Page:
2. What does Marianne Moore say in her poem?
3. What do you think Marianne Moore meant by these lines in her poem? (slashes to show line breaks are intentionally omitted): “Reading it, however, with a perfect contempt for it, one discovers in it after all, a place for the genuine.”
4. Why do you think Marianne Moore wants poets to present “imaginary gardens with real toads in them”?
5. How did Margaret Atwood become a poet?
6. Was Margaret Atwood’s first poem a good one? How does she describe it?
7. What does Margaret Atwood’s speech tell you about the stereotype of poets?
8. Name three specific “poet stereotypes” that Margaret Atwood discusses or hints at in her speech.
9. What were Margaret Atwood’s very first poetry experiences?
10. What are your earliest memories of poetry? Were they similar to Margaret Atwood’s first poetry experiences?
11. Do you think of the songs you listen to on the radio (or on cd, or online) as poetry? Why or why not?
12. Did you enjoy Maya Angelou’s poem? Why or why not?
13. What was Maya Angelou’s poem about?
14. What did she mean by the “dried tokens” left by the mastodon and the dinosaur? What dried tokens do we have today which let us know these animals once existed?
15. What does the river in Maya Angelou’s poem want from mankind before coming to the riverside? “Yet today, I call you to my riverside, if…”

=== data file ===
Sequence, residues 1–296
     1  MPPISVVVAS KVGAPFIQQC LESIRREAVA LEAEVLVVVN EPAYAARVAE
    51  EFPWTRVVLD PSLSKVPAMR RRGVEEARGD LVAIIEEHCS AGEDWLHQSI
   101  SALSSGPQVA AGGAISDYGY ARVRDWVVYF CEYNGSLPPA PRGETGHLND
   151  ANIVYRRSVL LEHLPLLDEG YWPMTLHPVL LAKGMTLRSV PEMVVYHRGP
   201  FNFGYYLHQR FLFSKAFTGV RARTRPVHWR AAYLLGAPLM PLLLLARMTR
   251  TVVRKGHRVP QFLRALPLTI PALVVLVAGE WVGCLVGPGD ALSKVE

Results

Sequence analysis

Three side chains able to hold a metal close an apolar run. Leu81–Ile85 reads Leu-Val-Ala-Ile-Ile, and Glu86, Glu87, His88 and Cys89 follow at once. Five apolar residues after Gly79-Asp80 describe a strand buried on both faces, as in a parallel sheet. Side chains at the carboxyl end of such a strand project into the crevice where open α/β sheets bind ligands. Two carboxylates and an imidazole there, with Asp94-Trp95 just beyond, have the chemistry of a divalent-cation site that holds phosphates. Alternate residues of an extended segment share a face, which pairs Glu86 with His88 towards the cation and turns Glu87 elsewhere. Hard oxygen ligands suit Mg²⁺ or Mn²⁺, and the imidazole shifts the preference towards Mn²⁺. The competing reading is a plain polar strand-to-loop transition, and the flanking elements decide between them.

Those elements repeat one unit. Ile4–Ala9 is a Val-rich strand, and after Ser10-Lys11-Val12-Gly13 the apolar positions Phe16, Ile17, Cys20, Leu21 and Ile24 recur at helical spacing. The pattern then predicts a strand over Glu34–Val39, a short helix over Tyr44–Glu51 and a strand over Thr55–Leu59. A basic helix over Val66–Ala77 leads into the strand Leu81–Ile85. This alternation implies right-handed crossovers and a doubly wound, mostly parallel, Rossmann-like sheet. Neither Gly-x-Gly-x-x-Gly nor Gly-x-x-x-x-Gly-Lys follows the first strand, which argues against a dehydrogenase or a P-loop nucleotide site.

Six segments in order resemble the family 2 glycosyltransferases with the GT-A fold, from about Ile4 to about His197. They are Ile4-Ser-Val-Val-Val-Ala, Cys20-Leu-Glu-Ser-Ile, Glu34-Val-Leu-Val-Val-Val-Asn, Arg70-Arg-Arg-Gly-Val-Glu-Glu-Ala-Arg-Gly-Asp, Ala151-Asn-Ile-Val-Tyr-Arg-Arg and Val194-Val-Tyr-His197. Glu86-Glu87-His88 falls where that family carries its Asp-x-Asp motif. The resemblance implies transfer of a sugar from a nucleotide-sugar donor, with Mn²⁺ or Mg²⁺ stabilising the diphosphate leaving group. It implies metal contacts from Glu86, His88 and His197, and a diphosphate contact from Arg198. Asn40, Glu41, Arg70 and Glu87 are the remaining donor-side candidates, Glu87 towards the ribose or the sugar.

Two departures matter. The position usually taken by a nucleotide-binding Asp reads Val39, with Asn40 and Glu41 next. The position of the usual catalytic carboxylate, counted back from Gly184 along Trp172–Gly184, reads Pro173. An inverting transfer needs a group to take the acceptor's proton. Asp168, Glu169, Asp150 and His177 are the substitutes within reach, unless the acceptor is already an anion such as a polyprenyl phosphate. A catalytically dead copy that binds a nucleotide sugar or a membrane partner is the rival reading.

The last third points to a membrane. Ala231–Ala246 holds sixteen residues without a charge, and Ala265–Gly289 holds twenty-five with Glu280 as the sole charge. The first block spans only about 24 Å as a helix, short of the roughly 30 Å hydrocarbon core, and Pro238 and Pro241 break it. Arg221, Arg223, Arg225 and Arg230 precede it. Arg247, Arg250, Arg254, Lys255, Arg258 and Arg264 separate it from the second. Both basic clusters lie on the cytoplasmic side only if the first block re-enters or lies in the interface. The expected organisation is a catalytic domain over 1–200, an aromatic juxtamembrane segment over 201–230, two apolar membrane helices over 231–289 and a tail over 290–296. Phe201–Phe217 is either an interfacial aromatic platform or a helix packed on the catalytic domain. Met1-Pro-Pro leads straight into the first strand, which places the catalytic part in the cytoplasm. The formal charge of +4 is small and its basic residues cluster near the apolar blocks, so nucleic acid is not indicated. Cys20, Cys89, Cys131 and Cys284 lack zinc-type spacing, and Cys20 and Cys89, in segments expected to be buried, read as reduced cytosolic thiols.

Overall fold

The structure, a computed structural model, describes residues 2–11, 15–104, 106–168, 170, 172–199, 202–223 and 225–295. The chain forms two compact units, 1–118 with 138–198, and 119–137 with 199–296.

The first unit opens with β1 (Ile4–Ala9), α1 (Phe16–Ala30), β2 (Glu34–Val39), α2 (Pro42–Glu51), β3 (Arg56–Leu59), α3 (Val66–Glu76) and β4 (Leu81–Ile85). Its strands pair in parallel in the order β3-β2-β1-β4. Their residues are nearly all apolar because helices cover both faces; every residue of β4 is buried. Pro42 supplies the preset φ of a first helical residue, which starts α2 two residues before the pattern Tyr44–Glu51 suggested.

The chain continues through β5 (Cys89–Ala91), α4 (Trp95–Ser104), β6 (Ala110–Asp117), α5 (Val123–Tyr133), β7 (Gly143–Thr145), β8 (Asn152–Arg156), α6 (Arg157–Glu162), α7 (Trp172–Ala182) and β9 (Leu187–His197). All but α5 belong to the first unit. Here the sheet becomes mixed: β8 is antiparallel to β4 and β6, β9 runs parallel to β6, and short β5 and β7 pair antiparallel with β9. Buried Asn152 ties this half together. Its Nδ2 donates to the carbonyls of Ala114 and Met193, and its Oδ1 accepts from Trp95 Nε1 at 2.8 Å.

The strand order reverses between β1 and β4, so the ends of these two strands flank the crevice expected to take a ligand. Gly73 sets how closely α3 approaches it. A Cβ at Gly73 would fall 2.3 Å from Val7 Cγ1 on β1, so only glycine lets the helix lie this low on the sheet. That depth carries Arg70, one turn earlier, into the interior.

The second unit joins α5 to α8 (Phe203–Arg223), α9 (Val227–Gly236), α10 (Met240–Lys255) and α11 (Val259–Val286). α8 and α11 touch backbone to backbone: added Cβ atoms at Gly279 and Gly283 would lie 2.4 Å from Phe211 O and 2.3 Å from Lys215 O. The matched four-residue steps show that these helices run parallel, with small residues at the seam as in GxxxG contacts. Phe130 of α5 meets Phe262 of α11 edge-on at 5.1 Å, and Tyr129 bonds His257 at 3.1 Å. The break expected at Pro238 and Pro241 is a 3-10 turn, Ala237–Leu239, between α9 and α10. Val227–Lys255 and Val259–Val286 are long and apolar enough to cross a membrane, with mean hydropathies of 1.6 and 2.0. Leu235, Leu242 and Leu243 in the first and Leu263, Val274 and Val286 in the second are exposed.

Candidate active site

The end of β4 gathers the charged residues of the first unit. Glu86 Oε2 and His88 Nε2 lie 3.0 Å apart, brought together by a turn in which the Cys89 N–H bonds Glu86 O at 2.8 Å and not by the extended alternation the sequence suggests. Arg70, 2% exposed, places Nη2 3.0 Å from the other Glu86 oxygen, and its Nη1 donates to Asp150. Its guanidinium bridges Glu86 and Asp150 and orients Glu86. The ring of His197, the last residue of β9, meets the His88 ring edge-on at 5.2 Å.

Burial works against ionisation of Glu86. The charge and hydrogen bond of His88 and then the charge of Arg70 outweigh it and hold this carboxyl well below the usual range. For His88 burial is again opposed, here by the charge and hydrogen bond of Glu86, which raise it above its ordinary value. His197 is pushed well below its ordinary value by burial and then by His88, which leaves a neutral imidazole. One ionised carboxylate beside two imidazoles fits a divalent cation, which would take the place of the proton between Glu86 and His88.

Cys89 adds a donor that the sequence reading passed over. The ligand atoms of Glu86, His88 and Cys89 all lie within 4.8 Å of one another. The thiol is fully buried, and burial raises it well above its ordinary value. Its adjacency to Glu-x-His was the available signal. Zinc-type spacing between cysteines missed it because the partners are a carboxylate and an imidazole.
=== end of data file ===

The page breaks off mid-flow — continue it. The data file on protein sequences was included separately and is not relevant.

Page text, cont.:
16. About 3 minutes into the video (3:20 left) there is a section of the poem which strongly rhymes. What does the rhyme and rhythm do for the poem at this point?
17. When Maya Angelou mentions people “arriving on a nightmare, praying for a dream,” what do you think she is talking about? What images from history come to mind?
18. “History, despite its wrenching pain, cannot be unlived. But if faced with courage, need not be lived again.” What do you think Maya Angelou meant by these lines in her poem?
19. “The rock, the river, the tree” are a framing image throughout the entire poem. Did you find them effective? Why or why not?
20. Many poets intend that poems should not be read with pauses at the ends of lines, but with pauses only when punctuation in the poem calls for pauses — even if the poem rhymes. Do you find this effective in Maya Angelou’s reading of her poem?